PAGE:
Estate Planning Blog Articles

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Should I Give the Kids My House in My Estate Planning?

Houses make for terrible wealth transfer vehicles. Bequeathing a house can mean passing along financial burdens, red tape, home maintenance responsibilities, potential family conflict and housing market volatility, says Kiplinger’s recent article, “Your Home Would Be a Terrible Inheritance for Your Kids.”

Communication about plans is critical. A study from Money & Family found that 68% of homeowners plan to leave a home or property to heirs. However, 56% haven’t told them about their plans. That will surprise the recipients who may or may not want or be able to service an inherited home.

Suppose you bequeath a house to an heir or heirs. In that case, they’ll have to make an immediate plan for home maintenance, mortgage payments (if necessary), utilities, property taxes, repairs and homeowners’ insurance. Zillow says this can amount to as much as $9,400 annually, not including mortgage payments.

The psychology of the home. Owners often have deep emotional attachments to their homes. Therefore, when people gift their homes to children and heirs, they’re not just giving an asset — they’re endowing them with all the good memories that were made on that property. Emotional connections to the home can be nearly as powerful as a strong attachment to a living being.

Beneficiaries may struggle to make practical choices about the inherited property because of the home’s sentimental value. This emotional aspect can cloud judgment and hinder the effective management and allocation of assets.

The financial burdens and family conflicts for beneficiaries. Inheriting a home entails a range of financial responsibilities that can quickly add up.

Property taxes, insurance premiums, ongoing maintenance costs and unexpected repairs can strain beneficiaries’ financial resources dramatically. If beneficiaries already have their own homes, inheriting an additional property can exacerbate financial burdens and potentially hinder their own financial goals, retirement plans and aspirations. The passing of a family member can also sometimes lead to conflicts among heirs, potentially exacerbating existing fractures in relationships among siblings and other family members.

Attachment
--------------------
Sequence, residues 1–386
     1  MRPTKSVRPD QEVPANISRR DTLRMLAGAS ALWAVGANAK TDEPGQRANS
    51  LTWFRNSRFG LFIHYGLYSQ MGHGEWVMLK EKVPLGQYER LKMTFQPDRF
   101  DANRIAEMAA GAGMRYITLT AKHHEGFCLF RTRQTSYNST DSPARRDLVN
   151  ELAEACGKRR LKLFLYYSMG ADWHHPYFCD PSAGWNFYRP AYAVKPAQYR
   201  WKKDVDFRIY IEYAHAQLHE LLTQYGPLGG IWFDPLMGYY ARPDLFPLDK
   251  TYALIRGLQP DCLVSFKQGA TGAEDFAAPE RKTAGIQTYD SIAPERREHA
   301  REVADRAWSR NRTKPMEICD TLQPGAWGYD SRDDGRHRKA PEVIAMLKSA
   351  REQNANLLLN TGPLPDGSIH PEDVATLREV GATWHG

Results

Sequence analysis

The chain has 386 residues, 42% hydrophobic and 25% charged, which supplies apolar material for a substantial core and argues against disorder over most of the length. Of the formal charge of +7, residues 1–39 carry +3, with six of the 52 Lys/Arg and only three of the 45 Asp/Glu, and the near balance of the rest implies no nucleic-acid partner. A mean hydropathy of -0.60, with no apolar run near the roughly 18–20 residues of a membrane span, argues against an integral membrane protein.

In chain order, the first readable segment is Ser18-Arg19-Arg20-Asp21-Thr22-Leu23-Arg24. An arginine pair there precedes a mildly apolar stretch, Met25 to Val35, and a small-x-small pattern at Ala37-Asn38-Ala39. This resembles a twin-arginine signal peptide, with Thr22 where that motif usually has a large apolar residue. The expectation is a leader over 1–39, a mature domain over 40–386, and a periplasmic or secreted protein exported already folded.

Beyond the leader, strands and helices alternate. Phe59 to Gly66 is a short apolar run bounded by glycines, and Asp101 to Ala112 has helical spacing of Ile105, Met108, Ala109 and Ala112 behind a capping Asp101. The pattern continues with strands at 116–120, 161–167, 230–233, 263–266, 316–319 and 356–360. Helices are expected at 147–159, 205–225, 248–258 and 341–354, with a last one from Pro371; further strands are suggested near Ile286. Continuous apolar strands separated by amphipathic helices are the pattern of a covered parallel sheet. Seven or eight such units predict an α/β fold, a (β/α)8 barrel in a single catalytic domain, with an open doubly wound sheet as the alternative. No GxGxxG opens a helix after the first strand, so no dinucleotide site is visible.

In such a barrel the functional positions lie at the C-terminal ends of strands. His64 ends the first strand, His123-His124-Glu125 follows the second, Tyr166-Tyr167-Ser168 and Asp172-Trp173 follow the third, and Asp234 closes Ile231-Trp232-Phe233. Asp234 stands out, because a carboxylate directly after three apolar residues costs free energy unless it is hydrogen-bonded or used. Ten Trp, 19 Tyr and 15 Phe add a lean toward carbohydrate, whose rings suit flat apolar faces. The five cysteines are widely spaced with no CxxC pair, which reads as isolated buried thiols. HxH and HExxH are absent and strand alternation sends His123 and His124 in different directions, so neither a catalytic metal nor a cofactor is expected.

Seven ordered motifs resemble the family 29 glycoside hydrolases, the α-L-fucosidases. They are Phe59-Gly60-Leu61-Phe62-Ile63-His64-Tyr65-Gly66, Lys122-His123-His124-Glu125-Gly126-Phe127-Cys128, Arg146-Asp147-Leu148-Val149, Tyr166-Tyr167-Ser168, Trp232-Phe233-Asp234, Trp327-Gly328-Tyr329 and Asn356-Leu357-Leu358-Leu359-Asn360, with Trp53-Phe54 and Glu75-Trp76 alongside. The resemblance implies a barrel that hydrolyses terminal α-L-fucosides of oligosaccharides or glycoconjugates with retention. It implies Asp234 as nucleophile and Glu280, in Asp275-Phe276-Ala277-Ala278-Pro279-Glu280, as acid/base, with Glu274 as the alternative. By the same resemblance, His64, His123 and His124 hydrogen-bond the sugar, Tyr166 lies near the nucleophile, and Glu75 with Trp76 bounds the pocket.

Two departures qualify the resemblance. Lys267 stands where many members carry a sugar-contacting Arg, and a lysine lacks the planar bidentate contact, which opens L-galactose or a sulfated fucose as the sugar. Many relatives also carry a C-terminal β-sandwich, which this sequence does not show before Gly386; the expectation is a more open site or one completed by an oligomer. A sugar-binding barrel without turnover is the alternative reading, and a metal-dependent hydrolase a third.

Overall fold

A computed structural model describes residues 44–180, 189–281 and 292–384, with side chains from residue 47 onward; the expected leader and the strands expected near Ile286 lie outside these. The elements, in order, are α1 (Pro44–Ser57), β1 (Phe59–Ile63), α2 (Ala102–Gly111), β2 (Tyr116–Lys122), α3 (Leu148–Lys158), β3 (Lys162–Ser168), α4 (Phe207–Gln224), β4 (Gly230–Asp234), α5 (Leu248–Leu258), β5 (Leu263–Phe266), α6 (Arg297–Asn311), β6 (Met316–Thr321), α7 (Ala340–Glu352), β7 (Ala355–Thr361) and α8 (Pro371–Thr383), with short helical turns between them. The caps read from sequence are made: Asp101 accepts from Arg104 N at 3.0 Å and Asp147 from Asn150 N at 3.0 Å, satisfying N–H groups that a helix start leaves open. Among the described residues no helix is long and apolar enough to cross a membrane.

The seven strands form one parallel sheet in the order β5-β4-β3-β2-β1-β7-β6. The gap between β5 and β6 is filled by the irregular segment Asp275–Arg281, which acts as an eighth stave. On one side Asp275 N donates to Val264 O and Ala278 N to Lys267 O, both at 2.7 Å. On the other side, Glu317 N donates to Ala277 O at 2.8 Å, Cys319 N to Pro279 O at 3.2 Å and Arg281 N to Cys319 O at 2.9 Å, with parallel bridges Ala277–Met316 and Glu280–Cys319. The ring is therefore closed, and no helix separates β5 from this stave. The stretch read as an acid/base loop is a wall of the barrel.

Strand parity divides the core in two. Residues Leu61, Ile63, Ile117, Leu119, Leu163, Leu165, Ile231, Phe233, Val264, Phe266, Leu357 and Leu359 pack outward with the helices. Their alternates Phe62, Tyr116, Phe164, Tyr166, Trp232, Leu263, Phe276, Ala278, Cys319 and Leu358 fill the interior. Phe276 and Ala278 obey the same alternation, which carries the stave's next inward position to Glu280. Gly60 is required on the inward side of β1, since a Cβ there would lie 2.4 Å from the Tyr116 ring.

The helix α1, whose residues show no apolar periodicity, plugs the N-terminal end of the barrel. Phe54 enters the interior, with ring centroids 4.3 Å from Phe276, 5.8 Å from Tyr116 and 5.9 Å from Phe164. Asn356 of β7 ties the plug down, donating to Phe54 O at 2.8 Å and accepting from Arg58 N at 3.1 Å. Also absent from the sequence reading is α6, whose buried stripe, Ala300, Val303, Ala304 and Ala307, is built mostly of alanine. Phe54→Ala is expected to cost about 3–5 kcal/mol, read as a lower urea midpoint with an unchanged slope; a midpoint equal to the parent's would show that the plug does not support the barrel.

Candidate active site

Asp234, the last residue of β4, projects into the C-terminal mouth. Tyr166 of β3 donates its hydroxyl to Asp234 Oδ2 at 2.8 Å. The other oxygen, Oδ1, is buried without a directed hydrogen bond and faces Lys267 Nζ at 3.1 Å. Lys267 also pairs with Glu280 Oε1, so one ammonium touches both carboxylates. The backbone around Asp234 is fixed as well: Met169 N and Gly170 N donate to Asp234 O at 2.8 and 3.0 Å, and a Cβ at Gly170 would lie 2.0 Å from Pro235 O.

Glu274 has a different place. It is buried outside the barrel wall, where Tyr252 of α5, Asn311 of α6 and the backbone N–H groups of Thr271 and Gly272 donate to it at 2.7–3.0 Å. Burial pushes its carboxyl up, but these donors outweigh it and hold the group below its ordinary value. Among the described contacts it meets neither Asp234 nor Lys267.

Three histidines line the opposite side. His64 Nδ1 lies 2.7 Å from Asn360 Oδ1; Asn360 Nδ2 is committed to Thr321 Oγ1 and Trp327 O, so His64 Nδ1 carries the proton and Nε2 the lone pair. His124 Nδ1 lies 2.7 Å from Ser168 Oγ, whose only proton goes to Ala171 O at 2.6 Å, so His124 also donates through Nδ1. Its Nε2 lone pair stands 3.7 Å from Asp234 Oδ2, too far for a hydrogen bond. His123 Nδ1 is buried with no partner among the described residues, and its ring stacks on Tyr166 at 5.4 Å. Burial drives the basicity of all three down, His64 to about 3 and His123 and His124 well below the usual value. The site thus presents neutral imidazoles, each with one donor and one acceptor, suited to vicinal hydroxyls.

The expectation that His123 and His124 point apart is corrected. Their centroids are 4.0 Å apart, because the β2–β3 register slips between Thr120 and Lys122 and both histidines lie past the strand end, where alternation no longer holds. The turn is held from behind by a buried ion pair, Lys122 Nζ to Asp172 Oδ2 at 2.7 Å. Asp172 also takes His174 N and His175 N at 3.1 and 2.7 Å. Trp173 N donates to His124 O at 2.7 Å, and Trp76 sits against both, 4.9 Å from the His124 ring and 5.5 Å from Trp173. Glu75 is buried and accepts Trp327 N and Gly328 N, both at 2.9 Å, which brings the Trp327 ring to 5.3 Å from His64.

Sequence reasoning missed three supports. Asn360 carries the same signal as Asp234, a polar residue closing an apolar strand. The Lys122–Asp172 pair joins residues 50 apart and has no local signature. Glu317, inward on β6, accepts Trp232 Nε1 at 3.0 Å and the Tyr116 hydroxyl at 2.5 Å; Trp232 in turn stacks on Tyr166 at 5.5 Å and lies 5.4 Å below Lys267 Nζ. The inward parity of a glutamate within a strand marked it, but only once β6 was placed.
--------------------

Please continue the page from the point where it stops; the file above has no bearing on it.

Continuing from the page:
According to a 2018 study, nearly half (44%) of respondents saw family strife during an estate settlement. Disagreements can cause tension, strain relationships and even result in lengthy legal battles.

Estate Planning can Protect Beloved Pets

While pets are still legally considered possessions, they are also recognized as family members deserving of a safe and happy future, says a recent article from The Record-Courier, “Estate planning for pets.”

Estate planning for pets involves creating provisions for the pets’ care and well-being if their owner becomes incapacitated or after the owner’s passing. The goal of estate planning for pets is to be sure that they will receive the same level of care, attention and resources they enjoyed even if their owner is unable or alive to care for them.

Estate planning for pets involves more than securing funds for their care. It requires a complete plan to protect their future, from designating caregivers, addressing specific needs, habits, preferences, daily routines, and personality quirks, considering any legal or financial issues and planning for alternate solutions if the primary plan becomes unattainable.

The more details addressed in the estate plan for the pet, the better protected they will be.

Designating a guardian for the pet is usually the most important step. This is the person you want to care for the pet and probably bring the pet into their home. It is critical to have a detailed conversation with the potential guardian to ensure that they understand what they are being asked to do and ensure they can and are willing to follow your wishes.

You should have one or even two backup guardians, if the primary guardian becomes unable or unwilling to serve. The estate plan should also prepare for a situation where no designated people can care for the pet and provide an alternate solution, such as placing the pet in a no-kill shelter or charging the trustee with finding a good home.

Designation of sufficient funds is also necessary. Consider how long the pet is likely to live, the cost of veterinary care in your community, and any emergency care.

Different legal documents are used to prepare estate plans addressing care for a pet. A pet trust is a legally recognized document, with funds set aside for the pet’s care in the trust, managed by the trustee by the terms of the trust. You can also use provisions in your last will and testament, with a designated individual nominated to care for the pet. However, the trust is more enforceable, with the trustee having a fiduciary obligation to carry out the terms of the trust.

Estate planning with pets in mind is a responsible way to ensure that your beloved animal companions have a secure future even if you cannot provide it for them. Your estate planning attorney will be able to create a pet trust to alleviate any concerns about your pet’s future.

Reference: The Record-Courier (Oct. 21, 2023) “Estate planning for pets”

Social Security Scammers Embracing Artificial Intelligence

Seniors now need to be extra careful about Social Security scams since fraudsters have embraced AI (Artificial Intelligence) to manipulate people into revealing secure information, says a recent article from U.S. News & World Report, “AI and the Risks of Social Security Fraud.” The schemes are sophisticated and appear entirely legitimate, making them harder to discern from real messages from the Social Security Administration.